3. 11 bit studios, the developer behind the upcoming Frostpunk, has decided to give away their previous indie hit This War of Mine for free in the lead up to Frostpunk's release later this month. This War of Mine tells the story of civilians trapped in a besieged city as they struggle to survive under the harsh conditions of war. Players must craft upgrades and supplies out of what they can scavenge from the surrounding areas at night. During scavenging runs, players can run across NPCs that they can either help or hurt depending on what players believe might be in their best interest. It's a deliberately murky game that focuses on the often untold stories of wartime. The goal is to survive until a ceasefire ends the fighting, but since the game randomizes a lot of the events and resources with each playthrough, the player never knows how long they might have to hold out or how far they might have to go to survive. This War of Mine has sold over 2.5 million copies and has reeled in numerous awards from organizations like SXSW and IGF. Sales of the DLC content related to This War of Mine support the War Child charity that provides assistance to children who are currently living under conflict conditions of the aftermath of war. The studio will be giving away This War of Mine: Anniversary Edition that includes new characters, locations, and a completely new ending. You have until this Sunday, April 8, to download the game from Steam.
  4. 11 bit studios, the developer behind the upcoming Frostpunk, has decided to give away their previous indie hit This War of Mine for free in the lead up to Frostpunk's release later this month. This War of Mine tells the story of civilians trapped in a besieged city as they struggle to survive under the harsh conditions of war. Players must craft upgrades and supplies out of what they can scavenge from the surrounding areas at night. During scavenging runs, players can run across NPCs that they can either help or hurt depending on what players believe might be in their best interest. It's a deliberately murky game that focuses on the often untold stories of wartime. The goal is to survive until a ceasefire ends the fighting, but since the game randomizes a lot of the events and resources with each playthrough, the player never knows how long they might have to hold out or how far they might have to go to survive. This War of Mine has sold over 2.5 million copies and has reeled in numerous awards from organizations like SXSW and IGF. Sales of the DLC content related to This War of Mine support the War Child charity that provides assistance to children who are currently living under conflict conditions of the aftermath of war. The studio will be giving away This War of Mine: Anniversary Edition that includes new characters, locations, and a completely new ending. You have until this Sunday, April 8, to download the game from Steam. View full article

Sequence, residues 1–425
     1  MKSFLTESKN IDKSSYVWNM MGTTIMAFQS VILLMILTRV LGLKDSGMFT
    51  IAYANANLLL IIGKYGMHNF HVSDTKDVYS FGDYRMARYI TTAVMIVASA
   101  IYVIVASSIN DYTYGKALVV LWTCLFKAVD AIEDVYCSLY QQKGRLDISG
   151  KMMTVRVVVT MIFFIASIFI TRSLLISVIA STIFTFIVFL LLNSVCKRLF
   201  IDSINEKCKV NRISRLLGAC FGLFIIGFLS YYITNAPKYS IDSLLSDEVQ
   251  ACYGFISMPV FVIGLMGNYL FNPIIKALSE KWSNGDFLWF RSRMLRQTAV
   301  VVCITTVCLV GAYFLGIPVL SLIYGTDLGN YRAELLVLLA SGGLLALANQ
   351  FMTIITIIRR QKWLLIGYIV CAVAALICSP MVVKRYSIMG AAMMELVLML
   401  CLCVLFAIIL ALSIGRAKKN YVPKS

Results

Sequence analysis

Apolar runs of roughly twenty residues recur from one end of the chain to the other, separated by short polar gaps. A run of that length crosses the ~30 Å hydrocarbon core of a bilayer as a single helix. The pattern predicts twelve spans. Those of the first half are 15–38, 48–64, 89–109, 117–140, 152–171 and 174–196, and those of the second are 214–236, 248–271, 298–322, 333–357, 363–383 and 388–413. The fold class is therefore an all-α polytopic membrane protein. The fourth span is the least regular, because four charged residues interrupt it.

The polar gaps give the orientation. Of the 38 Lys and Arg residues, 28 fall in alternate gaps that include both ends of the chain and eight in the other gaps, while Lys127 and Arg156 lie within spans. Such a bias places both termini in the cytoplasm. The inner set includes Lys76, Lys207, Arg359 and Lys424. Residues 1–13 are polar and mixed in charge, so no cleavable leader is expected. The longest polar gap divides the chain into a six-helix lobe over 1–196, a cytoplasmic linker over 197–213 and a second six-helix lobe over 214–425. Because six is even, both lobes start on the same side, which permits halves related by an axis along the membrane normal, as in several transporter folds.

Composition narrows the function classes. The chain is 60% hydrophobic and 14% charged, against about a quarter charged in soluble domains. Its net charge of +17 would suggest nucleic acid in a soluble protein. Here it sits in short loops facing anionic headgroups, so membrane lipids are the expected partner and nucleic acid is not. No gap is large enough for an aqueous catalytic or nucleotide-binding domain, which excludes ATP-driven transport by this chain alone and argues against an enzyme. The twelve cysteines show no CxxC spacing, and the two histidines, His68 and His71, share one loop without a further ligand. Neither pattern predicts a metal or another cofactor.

5. Frog Fractions will not teach you how to fraction. Developed in 2012 by Jim Crawford, Frog Fractions began its life as an in-joke between himself and his friends. That joke evolved into an indie release that has been hailed as a mix between the best and worst game ever made. It's highly recommended that you play the game before you listen. It should only take about an hour to complete depending on how quick you are at discovering its tricks. You can play it for free on Twinbeard's website. Can a free indie comedy game stand as one of the best games period based on its originality alone? Each week we will be tackling a video game, old or new, that at least one of us believes deserves to stand as one of the greatest games of all time. We'll dive into its history, development, and gameplay, while trying to argue for or against the game of the week. Sometimes we will be in harmonious agreement, other times we might be fighting a bitter battle to the very end. However each episode shakes out, we hope that everyone who listens will find the show entertaining and informative. Outro music: Dance Dance Revolution Extreme 'Epic Steps' by Tonalysis (http://ocremix.org/remix/OCR03699) You can follow Marcus on Twitter @MarcusStewart7 where you can find his thoughts on Dragon Ball Super, wrestling, and video games! He also writes at Marcus Writes About Games, Extra Life (hey, that's here!), and hosts Carving Gaming Rushmores. You can download or listen to the podcast over on Soundcloud, our hosting site, and iTunes. A YouTube version is available as well, so you can watch what we are talking about while we talk about it! If you want to have your opinion heard on air, share your opinion in the comments, follow the show on Twitter, and participate in the weekly polls: @BestGamesPeriod New episodes of The Best Games Period will be released every Monday